Ernest Lau, a cardiologist at the Royal Victoria Hospital in Belfast, Ireland, was one of the first doctors to identify a defect in St. Jude Medical Inc. (STJ)’s Riata that led to its recall in 2011. Now Lau is telling colleagues it’s time to embrace the company’s updated device.
Riata, a wire that connects a life-saving defibrillator to the heart, could break out of its protective coating, putting patients at risk for inappropriate shocks or leaving them untreated when a shock was needed. Lau noted the flaw in 2006, and subsequent tests to patients found the problem occurred in 15 percent. St. Jude pulled the device from the market in 2010, with U.S. regulators calling it a recall the next year.
The potential risk led Lau and other doctors who implant the devices to avoid Durata, a newer product from St. Paul, Minnesota-based St. Jude that has a similar design and is coated with a stronger insulation to prevent the problem. The addition of that coating, known as Optim, compresses the tubing and makes similar breaches unlikely, Lau said. Further avoiding St. Jude’s leads may chill future innovation, he said.
“There’s a huge danger of people overreacting,” Lau said. “Whenever you bring a new product to the market, you take a quantified risk. If there is a genuine problem we all have to react to protect the patients. Acting out of irrational fear, if you keep doing that, we’ll have stagnation. If we stick with the status quo for eternity, then we’ll never have innovation.”
There have been reports about isolated complications related to Durata, with articles in medical journals appearing in March and June. Larger database reviews, however, have uncovered few issues with the device, and suggest it is working as well as rival products from Medtronic Inc. (MDT) and Boston Scientific Corp. (BSX)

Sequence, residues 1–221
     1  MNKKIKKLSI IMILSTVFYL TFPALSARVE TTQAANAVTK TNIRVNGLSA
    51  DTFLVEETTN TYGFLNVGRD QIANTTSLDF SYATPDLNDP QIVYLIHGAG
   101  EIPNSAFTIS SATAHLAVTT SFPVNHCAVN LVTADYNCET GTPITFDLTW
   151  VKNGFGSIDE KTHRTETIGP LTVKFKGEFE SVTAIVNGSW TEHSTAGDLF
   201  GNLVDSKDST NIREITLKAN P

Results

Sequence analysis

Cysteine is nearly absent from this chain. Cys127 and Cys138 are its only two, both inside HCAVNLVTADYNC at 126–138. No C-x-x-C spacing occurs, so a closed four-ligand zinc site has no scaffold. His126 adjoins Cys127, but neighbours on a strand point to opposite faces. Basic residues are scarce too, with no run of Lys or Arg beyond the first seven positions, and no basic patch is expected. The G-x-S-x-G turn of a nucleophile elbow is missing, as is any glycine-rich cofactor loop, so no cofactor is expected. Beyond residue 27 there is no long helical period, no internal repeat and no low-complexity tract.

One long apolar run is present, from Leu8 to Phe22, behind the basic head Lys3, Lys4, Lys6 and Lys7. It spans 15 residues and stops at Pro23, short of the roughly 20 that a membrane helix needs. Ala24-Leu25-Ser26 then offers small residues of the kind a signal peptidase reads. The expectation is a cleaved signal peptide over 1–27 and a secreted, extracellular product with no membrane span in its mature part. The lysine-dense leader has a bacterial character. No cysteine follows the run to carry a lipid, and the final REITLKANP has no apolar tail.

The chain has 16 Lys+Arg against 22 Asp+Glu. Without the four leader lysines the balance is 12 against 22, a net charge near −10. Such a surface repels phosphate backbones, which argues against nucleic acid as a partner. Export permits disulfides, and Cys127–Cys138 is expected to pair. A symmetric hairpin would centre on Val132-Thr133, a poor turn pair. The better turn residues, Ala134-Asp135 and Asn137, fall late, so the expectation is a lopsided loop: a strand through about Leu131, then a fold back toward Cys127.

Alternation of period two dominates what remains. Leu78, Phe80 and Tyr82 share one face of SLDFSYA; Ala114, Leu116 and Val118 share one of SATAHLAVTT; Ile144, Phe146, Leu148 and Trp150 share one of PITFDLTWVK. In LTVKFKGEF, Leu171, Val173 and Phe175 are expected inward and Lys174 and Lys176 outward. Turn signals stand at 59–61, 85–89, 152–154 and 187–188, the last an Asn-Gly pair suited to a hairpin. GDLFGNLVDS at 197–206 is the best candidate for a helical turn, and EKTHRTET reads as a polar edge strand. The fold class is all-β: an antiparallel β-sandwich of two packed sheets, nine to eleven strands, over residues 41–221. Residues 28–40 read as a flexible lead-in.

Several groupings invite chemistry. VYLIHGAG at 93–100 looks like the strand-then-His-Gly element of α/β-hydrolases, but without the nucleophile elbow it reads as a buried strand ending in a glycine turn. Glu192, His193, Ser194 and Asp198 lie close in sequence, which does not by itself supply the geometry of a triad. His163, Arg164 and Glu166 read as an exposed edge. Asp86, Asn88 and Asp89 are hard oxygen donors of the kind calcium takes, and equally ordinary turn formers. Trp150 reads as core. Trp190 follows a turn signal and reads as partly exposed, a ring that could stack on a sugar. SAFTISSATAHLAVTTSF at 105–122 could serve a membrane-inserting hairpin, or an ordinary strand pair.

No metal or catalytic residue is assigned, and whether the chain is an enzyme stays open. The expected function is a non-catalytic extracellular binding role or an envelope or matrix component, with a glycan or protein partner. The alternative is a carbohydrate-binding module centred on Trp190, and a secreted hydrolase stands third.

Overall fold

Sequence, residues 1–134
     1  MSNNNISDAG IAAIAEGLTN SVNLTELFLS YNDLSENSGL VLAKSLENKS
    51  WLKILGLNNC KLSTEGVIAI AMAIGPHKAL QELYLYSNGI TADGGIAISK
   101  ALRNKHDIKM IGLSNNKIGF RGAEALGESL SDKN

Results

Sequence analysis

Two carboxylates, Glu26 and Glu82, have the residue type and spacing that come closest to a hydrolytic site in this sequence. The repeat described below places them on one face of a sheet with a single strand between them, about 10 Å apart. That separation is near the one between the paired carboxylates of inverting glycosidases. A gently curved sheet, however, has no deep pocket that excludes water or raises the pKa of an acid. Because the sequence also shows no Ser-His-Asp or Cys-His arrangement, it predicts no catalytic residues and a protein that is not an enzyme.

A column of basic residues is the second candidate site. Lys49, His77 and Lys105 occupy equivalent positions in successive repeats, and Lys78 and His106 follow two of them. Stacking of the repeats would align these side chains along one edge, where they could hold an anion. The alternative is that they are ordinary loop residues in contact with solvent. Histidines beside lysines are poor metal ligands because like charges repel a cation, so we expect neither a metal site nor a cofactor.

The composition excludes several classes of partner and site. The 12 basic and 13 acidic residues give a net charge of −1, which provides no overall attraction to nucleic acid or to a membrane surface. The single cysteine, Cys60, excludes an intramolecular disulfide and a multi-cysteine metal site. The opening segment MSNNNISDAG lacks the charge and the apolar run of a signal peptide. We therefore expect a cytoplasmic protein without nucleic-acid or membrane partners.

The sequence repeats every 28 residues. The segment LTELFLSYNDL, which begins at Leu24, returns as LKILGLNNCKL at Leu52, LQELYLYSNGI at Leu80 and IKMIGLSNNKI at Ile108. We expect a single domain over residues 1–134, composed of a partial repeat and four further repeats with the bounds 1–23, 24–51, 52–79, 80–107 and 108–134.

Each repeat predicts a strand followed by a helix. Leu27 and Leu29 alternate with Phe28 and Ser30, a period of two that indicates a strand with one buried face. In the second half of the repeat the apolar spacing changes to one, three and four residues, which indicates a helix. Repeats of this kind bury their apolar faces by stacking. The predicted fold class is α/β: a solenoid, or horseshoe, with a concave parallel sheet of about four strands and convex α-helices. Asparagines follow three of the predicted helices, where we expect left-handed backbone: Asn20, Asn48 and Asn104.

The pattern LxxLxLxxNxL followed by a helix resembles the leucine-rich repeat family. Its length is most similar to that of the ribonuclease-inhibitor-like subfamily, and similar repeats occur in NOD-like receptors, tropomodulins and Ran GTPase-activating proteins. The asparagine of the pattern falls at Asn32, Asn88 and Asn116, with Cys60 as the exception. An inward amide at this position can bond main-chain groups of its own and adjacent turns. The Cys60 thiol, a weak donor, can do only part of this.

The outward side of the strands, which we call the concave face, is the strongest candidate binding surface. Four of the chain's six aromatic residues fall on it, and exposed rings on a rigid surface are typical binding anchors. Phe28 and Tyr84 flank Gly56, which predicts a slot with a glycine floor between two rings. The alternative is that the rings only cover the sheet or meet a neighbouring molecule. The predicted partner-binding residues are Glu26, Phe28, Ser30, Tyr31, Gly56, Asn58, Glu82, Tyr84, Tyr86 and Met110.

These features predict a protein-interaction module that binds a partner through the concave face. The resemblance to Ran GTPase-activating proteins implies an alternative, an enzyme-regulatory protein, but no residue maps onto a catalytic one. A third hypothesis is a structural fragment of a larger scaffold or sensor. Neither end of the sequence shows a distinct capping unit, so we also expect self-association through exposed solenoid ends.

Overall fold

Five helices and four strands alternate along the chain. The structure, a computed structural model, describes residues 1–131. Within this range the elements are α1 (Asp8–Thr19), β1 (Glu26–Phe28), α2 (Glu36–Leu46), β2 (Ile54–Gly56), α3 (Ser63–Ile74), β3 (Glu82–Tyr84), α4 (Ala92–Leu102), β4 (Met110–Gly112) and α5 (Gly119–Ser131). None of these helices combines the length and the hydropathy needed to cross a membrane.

St. Jude rose 1.7 percent to $43.99 at the close in New York. The company has gained 13 percent in the past 12 months.
Lau, an electrophysiologist who has been working for the past two years on understanding the mechanisms that caused Riata to malfunction, plans to publish his findings next week in the journal Pace, according to Larry Biegelsen, an analyst at Wells Fargo in New York. Based on that work, Lau said he doesn’t expect to see similar problems with Durata.
“Fundamentally, the Durata and Riata leads are very different,” Lau said in a telephone interview. “Because I believe I understand the mechanism now, and I’ve done some experimental work to test the Durata lead, it doesn’t have the capacity to develop externalization.”
The newer leads may short-circuit, though the problem outlined by Robert Hauser of the Minneapolis Heart Institute isn’t common, Lau said. There are ways to implant the device that can further reduce the risk, he said.
“It’s unlikely that Durata will have internal shorting as a frequent problem,” Lau said. “I’ve been using the Durata lead quite a lot and I haven’t seen any internal shorting at all. With the Riata lead, it was quite common.”
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